Despite the fact that this study on osteoporosis in RA contains data from 3 geographically closely related European countries, remarkable differences in treatment of RA and osteoporosis, joint damage, and BMD are shown. The most striking findings were the frequent use of corticosteroids and the low mean Larsen score in the Norwegian patients as compared with the other centers. The difference in BMI between patients from the 3 centers could reflect a different lifestyle regarding diet and physical activity. The variation in joint damage and BMD between the centers suggests an effect of the differences in antirheumatic treatment in these patient groups of similar age, RF status, disease duration, and menopausal age.

The difference in RA treatment regarding corticosteroid use might originate from local clinical preference. The frequent use of antiosteoporotic drugs in Oslo can be explained by recent local research on osteoporosis in RA, resulting in the start of antiosteoporotic treatment in some patients.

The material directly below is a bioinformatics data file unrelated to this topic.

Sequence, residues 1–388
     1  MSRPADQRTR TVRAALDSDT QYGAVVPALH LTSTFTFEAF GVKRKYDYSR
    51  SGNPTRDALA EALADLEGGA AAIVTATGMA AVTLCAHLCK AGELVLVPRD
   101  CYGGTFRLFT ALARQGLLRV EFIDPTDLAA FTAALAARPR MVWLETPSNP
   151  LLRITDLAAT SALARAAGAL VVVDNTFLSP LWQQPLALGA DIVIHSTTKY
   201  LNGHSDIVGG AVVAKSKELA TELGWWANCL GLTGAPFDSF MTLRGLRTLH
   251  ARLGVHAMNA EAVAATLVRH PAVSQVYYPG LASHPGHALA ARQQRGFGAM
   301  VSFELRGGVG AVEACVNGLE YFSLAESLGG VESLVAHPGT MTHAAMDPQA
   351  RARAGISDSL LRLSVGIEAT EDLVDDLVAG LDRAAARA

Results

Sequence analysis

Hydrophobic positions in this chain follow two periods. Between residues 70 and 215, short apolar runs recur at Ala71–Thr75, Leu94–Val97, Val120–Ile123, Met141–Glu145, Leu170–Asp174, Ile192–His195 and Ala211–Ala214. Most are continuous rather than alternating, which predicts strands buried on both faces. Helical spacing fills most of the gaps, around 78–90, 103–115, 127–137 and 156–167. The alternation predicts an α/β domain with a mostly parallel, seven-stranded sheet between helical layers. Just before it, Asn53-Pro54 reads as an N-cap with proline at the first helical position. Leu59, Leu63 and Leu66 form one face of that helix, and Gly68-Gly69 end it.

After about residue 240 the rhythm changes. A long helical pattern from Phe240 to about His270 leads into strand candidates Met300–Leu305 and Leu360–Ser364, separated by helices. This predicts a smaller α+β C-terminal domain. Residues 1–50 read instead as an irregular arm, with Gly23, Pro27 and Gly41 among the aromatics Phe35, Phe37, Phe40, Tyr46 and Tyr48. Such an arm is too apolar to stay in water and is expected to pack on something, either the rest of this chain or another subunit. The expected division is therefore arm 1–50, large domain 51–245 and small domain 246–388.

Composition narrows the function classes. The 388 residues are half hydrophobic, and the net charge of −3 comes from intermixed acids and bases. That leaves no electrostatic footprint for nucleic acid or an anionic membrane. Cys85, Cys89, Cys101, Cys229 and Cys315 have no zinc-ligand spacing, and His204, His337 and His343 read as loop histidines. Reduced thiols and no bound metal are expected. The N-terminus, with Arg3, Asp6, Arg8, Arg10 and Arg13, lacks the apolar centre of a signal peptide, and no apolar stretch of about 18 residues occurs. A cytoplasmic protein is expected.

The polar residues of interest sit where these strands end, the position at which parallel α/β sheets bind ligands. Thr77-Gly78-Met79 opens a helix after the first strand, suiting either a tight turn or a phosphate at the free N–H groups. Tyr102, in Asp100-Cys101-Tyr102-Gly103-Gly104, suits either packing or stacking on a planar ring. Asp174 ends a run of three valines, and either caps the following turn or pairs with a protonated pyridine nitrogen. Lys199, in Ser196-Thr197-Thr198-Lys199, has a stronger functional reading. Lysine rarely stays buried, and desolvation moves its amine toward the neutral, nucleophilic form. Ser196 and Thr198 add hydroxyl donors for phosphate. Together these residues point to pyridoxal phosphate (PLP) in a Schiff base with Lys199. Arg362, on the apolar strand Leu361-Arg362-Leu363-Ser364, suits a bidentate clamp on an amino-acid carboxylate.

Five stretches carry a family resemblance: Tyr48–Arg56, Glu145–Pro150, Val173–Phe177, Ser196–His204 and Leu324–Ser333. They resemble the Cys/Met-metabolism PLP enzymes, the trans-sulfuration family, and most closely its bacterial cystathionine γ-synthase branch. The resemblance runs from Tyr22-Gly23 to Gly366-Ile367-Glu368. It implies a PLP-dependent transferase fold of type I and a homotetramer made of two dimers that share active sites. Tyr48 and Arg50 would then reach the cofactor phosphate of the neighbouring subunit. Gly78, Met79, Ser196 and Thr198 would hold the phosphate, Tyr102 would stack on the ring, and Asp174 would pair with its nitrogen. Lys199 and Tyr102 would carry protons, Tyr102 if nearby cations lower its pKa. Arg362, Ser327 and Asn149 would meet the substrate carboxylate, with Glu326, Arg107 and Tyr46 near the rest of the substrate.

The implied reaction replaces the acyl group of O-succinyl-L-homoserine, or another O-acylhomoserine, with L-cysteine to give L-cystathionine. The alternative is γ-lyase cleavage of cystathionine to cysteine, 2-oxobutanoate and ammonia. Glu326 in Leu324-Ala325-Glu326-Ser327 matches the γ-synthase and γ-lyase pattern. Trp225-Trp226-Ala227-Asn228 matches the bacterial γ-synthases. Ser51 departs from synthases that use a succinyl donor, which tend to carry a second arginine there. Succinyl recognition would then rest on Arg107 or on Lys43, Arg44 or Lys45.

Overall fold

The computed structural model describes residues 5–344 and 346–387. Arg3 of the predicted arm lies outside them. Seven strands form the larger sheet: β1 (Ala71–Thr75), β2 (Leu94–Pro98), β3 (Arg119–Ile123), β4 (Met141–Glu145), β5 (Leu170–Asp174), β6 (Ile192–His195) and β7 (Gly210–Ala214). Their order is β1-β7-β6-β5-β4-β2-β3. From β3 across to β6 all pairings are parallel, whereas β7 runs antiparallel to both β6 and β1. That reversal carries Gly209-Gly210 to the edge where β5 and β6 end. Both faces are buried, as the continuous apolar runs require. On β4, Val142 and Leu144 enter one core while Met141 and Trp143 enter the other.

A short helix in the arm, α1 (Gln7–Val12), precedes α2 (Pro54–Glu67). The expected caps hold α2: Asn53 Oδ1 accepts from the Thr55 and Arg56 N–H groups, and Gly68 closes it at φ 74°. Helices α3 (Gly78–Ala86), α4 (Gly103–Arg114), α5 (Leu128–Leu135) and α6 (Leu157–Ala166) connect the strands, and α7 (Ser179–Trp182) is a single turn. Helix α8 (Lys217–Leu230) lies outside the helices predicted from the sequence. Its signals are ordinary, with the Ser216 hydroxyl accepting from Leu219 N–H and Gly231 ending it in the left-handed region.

All patients were consecutively recruited from eligible patients attending the outpatient clinic. Therefore, we consider these patient samples representative of the respective clinic population. The sample size of 50 patients per center was chosen for practical reasons. The adjustment for center in the multiple regression analysis controls for the heterogeneity between the respective centers regarding, for instance, BMI and corticosteroid use. Despite the cross-sectional design of the study, the relation between disease activity and BMD could be investigated by the use of total Larsen score as a representative of cumulative disease activity. Potential bias is introduced in multicenter studies by different assessors and, here, DEXA machines. However, the radiographs were scored by one assessor whose reproducibility was tested and found adequate. The reproducibility of DEXA measurements was acceptable. The BMD data were cross-calibrated and no difference was found between BMD data of national reference populations and the pooled European/US database, allowing for the use of this pooled database for T and Z score calculations.